Legislators voted Thursday to advance a bill that seeks to lower the cost of prescription drugs in Connecticut, a frustration for seniors, the uninsured, and people on high-deductible health care plans.
Members of the Insurance and Real Estate Committee voted 12-8 to send the measure to the House floor, even as Republicans raised objections to it.
Under the proposal, anyone would be able to obtain a drug discount card through a program run by Comptroller Kevin Lembo’s office. The cards would be part of the state’s new pharmacy contract, which is being negotiated now, and would provide an average savings of 30 percent on name brand prescription drugs.
The bill also would allow private employers to contract with the state’s pharmacy benefits manager to reduce drug costs, an opportunity that has already been extended to municipalities.
Republicans expressed hesitation Thursday, saying the plan could expose taxpayers to “significant risk.”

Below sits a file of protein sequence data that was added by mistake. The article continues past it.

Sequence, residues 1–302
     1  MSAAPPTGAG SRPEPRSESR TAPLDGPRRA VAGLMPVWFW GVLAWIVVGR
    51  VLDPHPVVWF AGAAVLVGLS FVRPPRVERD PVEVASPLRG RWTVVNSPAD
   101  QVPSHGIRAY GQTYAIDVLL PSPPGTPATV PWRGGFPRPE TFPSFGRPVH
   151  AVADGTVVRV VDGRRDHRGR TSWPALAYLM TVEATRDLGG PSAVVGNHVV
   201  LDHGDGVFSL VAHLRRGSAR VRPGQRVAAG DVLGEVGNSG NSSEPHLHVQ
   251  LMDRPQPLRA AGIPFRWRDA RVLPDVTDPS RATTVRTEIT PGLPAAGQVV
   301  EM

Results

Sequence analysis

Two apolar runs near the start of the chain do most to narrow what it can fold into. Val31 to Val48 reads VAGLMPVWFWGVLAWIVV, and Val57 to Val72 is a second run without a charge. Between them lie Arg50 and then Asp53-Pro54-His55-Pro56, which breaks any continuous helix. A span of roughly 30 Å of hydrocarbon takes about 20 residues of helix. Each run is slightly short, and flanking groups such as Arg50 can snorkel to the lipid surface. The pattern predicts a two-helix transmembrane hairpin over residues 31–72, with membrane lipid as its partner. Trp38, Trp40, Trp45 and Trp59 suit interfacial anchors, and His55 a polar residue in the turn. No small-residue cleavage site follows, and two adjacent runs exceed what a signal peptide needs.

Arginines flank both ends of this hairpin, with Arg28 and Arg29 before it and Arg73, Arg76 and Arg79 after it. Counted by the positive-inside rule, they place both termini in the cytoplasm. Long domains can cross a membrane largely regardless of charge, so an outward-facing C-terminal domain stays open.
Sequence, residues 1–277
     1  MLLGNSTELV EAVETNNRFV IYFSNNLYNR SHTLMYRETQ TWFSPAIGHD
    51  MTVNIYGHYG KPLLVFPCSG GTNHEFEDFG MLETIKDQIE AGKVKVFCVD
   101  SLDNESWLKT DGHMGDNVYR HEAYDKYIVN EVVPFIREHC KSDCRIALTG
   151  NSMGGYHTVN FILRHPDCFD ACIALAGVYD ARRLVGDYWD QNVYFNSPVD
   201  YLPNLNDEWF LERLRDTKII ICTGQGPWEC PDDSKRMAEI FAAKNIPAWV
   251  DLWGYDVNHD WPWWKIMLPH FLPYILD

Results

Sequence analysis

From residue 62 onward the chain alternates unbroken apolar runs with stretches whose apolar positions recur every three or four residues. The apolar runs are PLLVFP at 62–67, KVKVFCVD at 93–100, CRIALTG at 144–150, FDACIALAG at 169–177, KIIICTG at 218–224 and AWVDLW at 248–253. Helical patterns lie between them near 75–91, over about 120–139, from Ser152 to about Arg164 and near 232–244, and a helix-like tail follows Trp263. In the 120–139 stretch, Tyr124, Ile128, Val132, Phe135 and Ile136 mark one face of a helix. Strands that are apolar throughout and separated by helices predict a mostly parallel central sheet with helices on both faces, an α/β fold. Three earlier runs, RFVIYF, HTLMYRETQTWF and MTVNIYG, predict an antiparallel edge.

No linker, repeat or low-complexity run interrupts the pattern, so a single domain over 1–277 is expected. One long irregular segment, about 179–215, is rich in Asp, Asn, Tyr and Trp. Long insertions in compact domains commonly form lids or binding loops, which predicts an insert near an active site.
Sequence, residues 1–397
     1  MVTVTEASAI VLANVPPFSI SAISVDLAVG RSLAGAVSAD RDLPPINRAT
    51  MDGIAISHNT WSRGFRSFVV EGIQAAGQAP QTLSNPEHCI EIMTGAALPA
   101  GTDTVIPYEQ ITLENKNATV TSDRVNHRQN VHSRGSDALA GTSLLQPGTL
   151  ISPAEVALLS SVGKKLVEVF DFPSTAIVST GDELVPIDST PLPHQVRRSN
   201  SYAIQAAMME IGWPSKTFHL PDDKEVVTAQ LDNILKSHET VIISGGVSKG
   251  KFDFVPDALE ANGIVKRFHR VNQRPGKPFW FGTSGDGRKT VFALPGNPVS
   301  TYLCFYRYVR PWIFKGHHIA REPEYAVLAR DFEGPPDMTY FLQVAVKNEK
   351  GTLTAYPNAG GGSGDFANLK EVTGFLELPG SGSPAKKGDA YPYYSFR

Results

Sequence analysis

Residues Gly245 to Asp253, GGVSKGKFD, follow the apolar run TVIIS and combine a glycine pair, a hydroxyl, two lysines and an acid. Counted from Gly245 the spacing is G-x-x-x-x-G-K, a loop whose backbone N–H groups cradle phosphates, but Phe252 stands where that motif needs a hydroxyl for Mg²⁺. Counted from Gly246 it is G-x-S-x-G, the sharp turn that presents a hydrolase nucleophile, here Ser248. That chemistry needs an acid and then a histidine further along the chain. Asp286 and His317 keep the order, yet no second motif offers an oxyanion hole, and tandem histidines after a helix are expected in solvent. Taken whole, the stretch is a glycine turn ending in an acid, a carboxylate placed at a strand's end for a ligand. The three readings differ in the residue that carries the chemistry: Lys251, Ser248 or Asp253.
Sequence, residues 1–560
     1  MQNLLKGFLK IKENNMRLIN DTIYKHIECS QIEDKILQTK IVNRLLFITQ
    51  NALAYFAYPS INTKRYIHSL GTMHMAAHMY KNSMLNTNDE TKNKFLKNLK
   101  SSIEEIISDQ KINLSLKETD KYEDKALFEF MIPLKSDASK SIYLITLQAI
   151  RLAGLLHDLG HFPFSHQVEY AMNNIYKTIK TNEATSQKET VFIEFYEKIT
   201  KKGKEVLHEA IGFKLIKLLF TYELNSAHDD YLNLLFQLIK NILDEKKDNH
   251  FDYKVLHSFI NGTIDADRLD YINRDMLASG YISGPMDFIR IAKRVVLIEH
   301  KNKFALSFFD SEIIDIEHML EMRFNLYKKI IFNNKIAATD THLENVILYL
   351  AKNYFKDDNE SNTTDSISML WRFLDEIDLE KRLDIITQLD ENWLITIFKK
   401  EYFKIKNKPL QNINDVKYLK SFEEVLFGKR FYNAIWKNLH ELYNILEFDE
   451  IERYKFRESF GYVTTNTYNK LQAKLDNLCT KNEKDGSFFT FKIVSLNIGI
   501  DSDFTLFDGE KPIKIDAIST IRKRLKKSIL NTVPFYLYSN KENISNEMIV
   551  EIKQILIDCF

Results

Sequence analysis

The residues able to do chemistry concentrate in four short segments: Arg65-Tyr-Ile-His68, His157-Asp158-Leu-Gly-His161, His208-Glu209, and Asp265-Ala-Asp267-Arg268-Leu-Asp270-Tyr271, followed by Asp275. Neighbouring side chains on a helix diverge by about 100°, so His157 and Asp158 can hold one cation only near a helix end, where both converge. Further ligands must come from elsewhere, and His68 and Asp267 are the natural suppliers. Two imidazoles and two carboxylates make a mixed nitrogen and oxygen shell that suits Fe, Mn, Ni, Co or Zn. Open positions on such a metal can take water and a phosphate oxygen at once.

“Our yearly problems from a financial perspective are all because of prior governmental and legislative bodies telling us we can sustain these programs and benefits,” said Sen. Kevin C. Kelly, R-Shelton. “But at the end of the day we couldn’t absorb the risk, and that’s the problem Connecticut’s in today. That’s why we have historic tax increases and historic debts.”
The legislation also would require brand-name drug companies that enter into special settlements with generic drug companies to offer 50 percent discounts on prescription medication. The so-called “pay for delay” settlements involve payments by brand-name companies to generic ones that delay the generic drugs’ entry into the market. The brand-name corporations would be penalized by having to offer the reduced price.
In addition, lawmakers want to study the feasibility of importing drugs from Canada, where prescription medication is far less costly.
Rep. Sean Scanlon, a co-chair of the insurance committee, said the plan is meant to find “meaningful” ways to lower the cost of drugs for people struggling to afford them, and that there would be more time for bipartisan input as debate over the bill continues.
“In almost every interaction I have, specifically with seniors, they are crying out for help here, and I think that is something that we all can agree upon,” he said. “This is just our solution to trying to give them some semblance of relief when they go to the pharmacy.”
Lembo’s office and several nonprofits, including the AARP, have come out in support of the legislation, while others, such as the Connecticut Business and Industry Association, have opposed it.